Nurturing community college transfer students may be especially important as states cut university funding and impose tuition increases, says Stephen G. Katsinas, director of the University of Alabama's Education Policy Center. "For millions of students, community colleges are, in fact, the portal to higher education," Katsinas says.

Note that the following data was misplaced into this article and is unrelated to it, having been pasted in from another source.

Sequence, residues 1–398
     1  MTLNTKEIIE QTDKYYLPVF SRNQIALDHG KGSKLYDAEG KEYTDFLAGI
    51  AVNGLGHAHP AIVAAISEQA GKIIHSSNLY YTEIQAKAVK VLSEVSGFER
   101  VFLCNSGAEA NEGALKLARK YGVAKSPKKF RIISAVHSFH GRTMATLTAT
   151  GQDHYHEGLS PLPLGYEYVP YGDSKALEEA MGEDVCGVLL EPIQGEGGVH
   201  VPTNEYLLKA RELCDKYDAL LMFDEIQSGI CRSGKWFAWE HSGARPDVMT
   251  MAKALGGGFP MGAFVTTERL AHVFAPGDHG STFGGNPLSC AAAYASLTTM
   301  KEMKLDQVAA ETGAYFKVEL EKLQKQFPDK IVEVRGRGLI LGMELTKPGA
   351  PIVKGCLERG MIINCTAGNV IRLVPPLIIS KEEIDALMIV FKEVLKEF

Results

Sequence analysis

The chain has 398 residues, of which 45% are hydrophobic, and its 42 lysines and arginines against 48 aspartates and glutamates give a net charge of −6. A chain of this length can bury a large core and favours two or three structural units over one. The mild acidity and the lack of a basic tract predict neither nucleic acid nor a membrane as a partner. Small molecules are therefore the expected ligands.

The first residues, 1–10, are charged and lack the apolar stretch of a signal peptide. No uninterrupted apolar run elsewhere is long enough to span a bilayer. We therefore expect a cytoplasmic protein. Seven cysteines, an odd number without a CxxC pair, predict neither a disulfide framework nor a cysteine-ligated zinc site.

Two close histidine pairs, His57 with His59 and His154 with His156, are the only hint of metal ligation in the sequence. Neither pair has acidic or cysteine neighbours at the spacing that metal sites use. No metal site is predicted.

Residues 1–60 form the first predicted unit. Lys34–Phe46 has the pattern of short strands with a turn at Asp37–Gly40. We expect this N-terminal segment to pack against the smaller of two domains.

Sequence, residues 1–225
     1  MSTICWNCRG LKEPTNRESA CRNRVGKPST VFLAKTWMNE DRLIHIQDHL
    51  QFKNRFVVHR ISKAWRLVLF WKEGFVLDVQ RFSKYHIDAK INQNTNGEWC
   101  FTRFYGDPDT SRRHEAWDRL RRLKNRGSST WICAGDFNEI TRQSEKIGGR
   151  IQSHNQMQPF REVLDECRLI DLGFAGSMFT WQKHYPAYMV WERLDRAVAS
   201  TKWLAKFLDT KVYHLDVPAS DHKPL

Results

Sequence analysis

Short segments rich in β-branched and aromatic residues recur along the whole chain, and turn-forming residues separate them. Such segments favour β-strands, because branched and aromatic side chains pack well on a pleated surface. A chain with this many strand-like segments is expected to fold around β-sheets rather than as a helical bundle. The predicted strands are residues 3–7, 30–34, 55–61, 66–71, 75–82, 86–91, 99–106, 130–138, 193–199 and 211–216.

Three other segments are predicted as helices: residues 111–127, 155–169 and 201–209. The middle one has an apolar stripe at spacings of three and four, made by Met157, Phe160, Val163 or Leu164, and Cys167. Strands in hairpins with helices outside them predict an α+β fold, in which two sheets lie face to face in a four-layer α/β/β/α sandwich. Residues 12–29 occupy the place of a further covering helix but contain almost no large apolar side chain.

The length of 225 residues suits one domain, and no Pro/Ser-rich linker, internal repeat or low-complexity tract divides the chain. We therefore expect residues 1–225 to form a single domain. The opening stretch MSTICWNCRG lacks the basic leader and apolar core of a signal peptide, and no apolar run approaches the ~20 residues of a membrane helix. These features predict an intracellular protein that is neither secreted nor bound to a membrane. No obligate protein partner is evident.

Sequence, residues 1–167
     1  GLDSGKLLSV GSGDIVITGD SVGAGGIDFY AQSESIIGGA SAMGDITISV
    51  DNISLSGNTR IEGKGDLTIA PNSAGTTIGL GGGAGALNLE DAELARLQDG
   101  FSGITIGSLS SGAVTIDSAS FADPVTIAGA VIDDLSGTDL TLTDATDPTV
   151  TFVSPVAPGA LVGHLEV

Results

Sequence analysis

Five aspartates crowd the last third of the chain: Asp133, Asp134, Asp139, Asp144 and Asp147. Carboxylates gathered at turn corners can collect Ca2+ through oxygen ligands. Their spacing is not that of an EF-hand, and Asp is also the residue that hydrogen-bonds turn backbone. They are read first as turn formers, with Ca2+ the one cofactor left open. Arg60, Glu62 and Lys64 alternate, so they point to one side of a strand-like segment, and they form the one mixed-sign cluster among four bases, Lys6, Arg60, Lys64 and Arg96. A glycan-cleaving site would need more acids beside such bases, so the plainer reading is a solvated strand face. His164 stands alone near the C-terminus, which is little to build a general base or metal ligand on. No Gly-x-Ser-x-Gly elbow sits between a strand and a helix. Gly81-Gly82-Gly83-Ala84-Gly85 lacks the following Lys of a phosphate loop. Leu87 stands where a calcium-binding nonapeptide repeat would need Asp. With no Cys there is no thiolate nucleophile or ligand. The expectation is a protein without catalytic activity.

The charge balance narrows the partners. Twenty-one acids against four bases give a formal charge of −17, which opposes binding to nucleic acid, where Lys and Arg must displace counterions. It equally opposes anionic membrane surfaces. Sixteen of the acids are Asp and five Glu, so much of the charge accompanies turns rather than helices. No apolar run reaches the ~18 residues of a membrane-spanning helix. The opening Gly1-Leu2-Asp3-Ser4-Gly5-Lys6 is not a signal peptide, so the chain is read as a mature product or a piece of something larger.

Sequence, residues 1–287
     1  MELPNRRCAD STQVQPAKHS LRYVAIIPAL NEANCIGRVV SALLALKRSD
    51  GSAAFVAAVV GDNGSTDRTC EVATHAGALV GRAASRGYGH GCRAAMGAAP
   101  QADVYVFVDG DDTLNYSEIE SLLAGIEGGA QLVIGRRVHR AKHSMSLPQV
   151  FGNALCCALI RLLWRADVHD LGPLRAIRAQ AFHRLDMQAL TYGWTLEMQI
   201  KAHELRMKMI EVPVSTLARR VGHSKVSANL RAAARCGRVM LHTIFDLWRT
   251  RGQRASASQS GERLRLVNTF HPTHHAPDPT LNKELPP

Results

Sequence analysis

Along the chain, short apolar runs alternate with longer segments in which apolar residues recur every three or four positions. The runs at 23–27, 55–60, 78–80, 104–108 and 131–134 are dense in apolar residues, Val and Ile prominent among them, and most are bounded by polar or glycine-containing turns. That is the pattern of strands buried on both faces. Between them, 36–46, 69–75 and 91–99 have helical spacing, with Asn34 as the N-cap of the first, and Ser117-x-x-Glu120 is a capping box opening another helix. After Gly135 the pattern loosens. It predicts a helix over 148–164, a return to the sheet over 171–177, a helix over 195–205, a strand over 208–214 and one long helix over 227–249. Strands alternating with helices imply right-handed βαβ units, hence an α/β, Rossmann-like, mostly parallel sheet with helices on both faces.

The Rumer family of Maryland testifies to this. Back in 2002, the year that Chris graduated from high school and started at Allegany College of Maryland, his mother, Annette Rumer, received a bachelor's from Frostburg State University, two years after earning an associate's degree from Allegany. Also in 2002, daughter Sandi got an Allegany associate's degree. Chris was later accepted into Penn State with a 3.7 grade point average. There, he volunteered for the campus weather service, joined a severe-weather watch team, and interned at the Brookhaven National Laboratory on Long Island, N.Y. "I was seeing my passion and my dream unfold before me," says Rumer, who now works for an environmental consultant in Pittsburgh. Although his Penn State sheepskin left him $67,000 in debt, Rumer knows his path helped him save money. "My friend on Long Island was in the same program as I was. He borrowed for 3½ years," Rumer recalls. That friend ended up owing $120,000.
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